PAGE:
What's New in the ECE Community

Office of Child Care News: Questions about COVID-19 and the Delta Variant

Sending on behalf of the RI Department of Human Services’ Office of Child Care and RI Department of Health

Valued Providers,

With a new school year on the horizon, the Rhode Island Department of Human Services (DHS)’ Office of Child Care is fielding many questions about the COVID-19 and the Delta variant.

Thank you for your patience as we work with the Rhode Island Department of Health (RIDOH) to best answer your questions with the latest guidance from the State and CDC as it pertains to COVID-19. Your hard work and extraordinary efforts to keep children and staff safe over the course of the last year and a half have not gone unnoticed. We cannot thank you enough for your engagement, questions and genuine concern with ensuring you are running a healthy and safe child care program.

With the pandemic still present, it is more important than ever to have strong policies and procedures in place for COVID-19 risk prevention for your staff and families. The COVID-19 Delta variant spreads more easily and quickly than other variants. It is now the primary variant in Rhode Island and across the country. COVID-19 vaccines help protect against the Delta variant of COVID-19.

While the highest spread of cases and most severe outcomes are happening in places with low vaccination rates, we still need to take precautions. There are many things you can do to create a healthy, safe program.

As a child care center or family child care home, you should be using an array of prevention strategies together to protect children. COVID-19 regulations still include stable pods whenever possible, creating and implementing a pick-up and drop-off policy that minimizes large gatherings and self-attesting to COVID-19 symptoms upon entering the building or while at home before arrival. As well, there are important CDC recommendations that we want to make sure you are still aware of and understand as there are programs with many unvaccinated children.

As a reminder, our regulations still require masking for adults. The CDC also highly recommends universal masking for children over the age of two. While masking young children is not a requirement in our regulations, and the Child Care Licensing team will not be monitoring for it at this time, it is important for child care center and homeowners to make policy decisions that benefit their program and minimize risk.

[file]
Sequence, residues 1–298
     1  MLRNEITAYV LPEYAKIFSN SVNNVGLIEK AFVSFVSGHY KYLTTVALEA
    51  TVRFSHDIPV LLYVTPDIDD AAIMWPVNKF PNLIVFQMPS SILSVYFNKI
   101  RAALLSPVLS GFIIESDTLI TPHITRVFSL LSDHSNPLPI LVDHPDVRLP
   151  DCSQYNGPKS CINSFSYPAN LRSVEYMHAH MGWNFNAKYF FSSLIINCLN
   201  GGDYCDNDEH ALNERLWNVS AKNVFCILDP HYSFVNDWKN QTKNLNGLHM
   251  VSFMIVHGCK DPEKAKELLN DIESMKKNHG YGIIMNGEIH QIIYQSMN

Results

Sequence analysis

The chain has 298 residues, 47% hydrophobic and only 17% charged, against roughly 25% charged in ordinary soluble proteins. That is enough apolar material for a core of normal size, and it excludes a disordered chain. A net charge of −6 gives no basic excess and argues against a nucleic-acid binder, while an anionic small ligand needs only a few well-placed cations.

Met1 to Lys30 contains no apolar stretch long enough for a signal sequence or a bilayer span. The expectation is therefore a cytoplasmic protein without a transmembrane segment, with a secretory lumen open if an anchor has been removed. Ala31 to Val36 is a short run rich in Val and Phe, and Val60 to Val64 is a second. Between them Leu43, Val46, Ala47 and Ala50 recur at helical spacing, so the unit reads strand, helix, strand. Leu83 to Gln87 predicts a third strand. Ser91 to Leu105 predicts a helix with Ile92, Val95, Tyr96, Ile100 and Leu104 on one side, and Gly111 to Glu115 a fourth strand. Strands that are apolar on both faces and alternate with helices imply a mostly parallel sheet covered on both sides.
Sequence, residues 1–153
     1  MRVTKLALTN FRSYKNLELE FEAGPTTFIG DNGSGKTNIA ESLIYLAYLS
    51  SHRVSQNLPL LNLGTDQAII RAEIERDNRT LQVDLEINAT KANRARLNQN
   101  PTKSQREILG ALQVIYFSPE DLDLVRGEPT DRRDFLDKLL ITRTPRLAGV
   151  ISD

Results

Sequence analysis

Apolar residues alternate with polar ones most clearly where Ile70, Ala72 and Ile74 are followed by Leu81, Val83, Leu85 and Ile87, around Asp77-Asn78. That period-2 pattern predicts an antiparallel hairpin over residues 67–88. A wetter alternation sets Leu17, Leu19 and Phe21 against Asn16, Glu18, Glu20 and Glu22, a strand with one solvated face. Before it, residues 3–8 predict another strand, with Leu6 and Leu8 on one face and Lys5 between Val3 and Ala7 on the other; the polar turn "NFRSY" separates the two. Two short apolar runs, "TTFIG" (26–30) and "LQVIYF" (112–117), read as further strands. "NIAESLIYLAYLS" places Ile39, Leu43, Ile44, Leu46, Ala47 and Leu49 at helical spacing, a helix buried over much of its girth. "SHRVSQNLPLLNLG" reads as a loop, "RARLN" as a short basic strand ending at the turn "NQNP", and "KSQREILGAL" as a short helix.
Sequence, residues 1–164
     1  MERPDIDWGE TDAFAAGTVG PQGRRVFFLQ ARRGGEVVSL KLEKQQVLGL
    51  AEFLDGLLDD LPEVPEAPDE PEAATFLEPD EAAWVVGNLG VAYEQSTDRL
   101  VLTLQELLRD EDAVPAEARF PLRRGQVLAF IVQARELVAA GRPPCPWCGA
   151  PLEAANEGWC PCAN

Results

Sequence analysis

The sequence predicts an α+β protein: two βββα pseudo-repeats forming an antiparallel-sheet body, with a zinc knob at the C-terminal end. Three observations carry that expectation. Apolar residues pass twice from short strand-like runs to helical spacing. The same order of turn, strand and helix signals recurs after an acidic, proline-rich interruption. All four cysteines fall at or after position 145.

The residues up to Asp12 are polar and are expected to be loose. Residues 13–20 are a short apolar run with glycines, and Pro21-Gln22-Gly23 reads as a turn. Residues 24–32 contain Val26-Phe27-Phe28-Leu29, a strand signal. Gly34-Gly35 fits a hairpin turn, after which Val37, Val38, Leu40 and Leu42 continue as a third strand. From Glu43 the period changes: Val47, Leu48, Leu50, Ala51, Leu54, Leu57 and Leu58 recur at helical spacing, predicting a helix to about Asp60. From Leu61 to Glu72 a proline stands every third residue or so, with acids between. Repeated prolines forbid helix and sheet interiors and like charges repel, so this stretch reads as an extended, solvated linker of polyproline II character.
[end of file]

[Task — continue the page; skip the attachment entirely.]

As a child care program owner, you can choose to have a universal masking policy for children over the age of two. You can also choose to implement a “parent choice” policy where parents can mask their children at their discretion. There are ways you can employ multiple prevention strategies simultaneously to keep your center or family home as safe as possible.

Both the DHS Office of Child Care and RIDOH support the CDC’s recommendation for universal masking as a COVID-19 prevention strategy.

There are many things to consider as you look to enhance or refresh your COVID-19 policies:

  • How are you working to ensure your program is using stable groups as often as possible? Is your policy about stable pods easy to understand and how is it communicated to staff and parents?
  • Staff retention is an issue child care programs are facing at this time. What does your training and orientation look like regarding cleaning and sanitizing? Are you taking extra steps to ensure your new staff know what is expected to keep the classroom as clean as possible?
  • What does your visitor policy state? Are you allowing anyone into the building? Are they attesting to COVID-19 symptoms? Are they allowed to stay in your building for longer than 15 minutes? Are you asking for proof of vaccination? Do you keep a 30-day log of visitors and their vaccination status?
  • Hand washing is a large part of the standard child care regulations. How are you teaching the kids to wash their hands? Are there signs and graphics near all sinks to describe how to wash hands and when? Visual cues are helpful for children and adults alike.
  • What does your sick policy state? Is it clear and readily available to staff and parents? If a child becomes ill with sore throat during their stay at child care, does your policy address being picked up, getting tested and possibly being seen by their pediatrician clearly communicated and consented to by parents/families?

 

The CDC has a toolkit for child care programs that provides fact sheets, videos and graphics to help you consider all of your options when keeping children safe in your program. The American Cleaning Institute also has a toolkit to share downloadable public health materials focused on disinfecting, cleaning and hand hygiene for the child care community. RIDOH and the Office of Child Care are continuing to meet every week to ensure we discuss all COVID-19 cases in child care and anticipate outbreaks and clusters in Rhode Island.

As a reminder, please reach out to your assigned licensor if you have any center-specific questions. There is also a RIDOH Child Care email for general COVID related questions: ridoh.covidchildcare@health.ri.gov. Please also remember that you are required to inform both RIDOH and DHS of a COVID-19 case in your center or family child care.

Thank you for your continued commitment to keeping children safe and healthy during this time. We are thankful for the wonderful child care providers we have in Rhode Island.

Sincerely,

Nicole Chiello
Child Care Administrator

Dani MiskellyOffice of Child Care News: Questions about COVID-19 and the Delta Variant